Dance may be a form of stress relief, a pastime or as an exercise routine for some. Nevertheless, in Africa, dancing takes on a form of art, ritual or as a way to induce a particular outcome. Dance in Africa can also take on the form of social recreation, prayer, and devotion or sometimes has no clear indication of a particular purpose other than entertainment and merriment.
In Ethiopia, the Eskista, which is one of its most iconic dances, is not only a popular form of entertainment but also tells different stories while teaching various life lessons. As All Around This World writes, some Eskista moves “simulate body movements Ethiopians make in the course of a day, others the motion of animals, more even the slithering bobs of a snake.”
And for imitating the movements made by a snake, Eskista has come to be known by many as the snake dance. Eskista, which means “dancing shoulders” in Amharic, is a traditional Ethiopian dance, native to the Amhara region. It is performed by men, women and children usually in a group. Dancers of Eskista usually form rows or line up in groups, engaging everyone present with their shoulder shakes and shimmies.
Eskista derived its name from the intense shoulder movements associated with the dance. Those shoulder movements make the dance unique, setting it apart from many African dances that often emphasize the feet and legs. Those same shoulder movements can also be seen with the shim-shim dance of the Tigrinya people in neighboring Eritrea. The Luhya people in western Kenya also perform a similar dance called “amabegha khu mabekha”, which means ‘shoulders to shoulders’.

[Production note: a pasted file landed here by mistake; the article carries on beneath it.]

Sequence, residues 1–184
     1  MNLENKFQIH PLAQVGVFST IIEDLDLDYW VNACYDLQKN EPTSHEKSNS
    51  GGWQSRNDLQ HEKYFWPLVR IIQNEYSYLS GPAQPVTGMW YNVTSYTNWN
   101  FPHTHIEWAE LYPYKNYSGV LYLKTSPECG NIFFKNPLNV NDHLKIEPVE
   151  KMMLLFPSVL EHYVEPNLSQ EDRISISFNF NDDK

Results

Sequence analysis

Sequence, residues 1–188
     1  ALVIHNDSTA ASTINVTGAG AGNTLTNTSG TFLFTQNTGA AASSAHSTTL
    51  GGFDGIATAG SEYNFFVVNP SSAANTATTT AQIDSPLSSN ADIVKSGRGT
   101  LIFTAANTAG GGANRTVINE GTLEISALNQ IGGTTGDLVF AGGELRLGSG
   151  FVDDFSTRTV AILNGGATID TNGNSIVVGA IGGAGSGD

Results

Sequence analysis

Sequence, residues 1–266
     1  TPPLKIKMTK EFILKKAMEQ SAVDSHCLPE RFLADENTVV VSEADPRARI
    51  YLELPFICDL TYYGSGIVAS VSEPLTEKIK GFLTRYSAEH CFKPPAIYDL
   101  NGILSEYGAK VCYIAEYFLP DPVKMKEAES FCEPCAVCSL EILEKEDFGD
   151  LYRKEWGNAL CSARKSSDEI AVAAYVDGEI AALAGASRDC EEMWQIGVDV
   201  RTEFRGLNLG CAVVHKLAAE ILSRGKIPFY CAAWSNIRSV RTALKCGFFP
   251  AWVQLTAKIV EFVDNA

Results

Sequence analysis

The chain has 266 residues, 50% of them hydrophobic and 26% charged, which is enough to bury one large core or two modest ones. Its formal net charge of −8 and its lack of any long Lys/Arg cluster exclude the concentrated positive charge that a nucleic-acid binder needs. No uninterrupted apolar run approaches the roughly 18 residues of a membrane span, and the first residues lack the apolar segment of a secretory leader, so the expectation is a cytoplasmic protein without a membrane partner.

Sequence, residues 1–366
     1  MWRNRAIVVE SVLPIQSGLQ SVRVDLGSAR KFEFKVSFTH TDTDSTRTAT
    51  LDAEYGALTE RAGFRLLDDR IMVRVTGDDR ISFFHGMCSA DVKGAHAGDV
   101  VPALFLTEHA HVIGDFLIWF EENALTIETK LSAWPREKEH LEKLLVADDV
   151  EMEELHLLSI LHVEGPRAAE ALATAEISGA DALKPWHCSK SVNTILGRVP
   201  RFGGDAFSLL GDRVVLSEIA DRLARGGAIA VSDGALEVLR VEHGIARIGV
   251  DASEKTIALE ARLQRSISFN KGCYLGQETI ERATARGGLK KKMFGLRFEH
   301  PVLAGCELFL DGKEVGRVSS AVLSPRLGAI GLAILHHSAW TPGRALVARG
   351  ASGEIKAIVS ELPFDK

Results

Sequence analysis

What’s more, Eskista may appear similar to Ethiopia’s other popular dance, Tigrigna, but Music In Africa explains that Tigrigna is not as static when it comes to the use of the hands and feet.
So how is Eskista performed?
The Ethiopian snake dance involves rolling the shoulder blades, bouncing the shoulders and tilting the chest. Dancers move beautifully and effortlessly thanks to the gabi cloth which is made out of cotton and painted with different colors depending on the gender of the performer.
Eskista is generally performed with traditional Ethiopian music along with traditional instruments such as the flute, drums and masinqo as well as krar, which is a five or six-stringed bowl-shaped lyre. A very technical dance, performers of Eskista must move their head, neck, shoulders and chest in a particular manner in tune with the traditional Ethiopian music that is being played. At weddings, holiday parties and other social events, it is not uncommon to find money being placed on the head of an Eskista performer who is dancing amazingly well.
There are varieties of Eskista, with each having its own history. Music In Africa writes that the nature of the dance varies depending on themes such as love, work, war, hunting, or religion.
Today, even though Eskista is usually performed with traditional music, modern musicians have started to merge it with dub to make it more appealing to younger people while connecting them to their roots.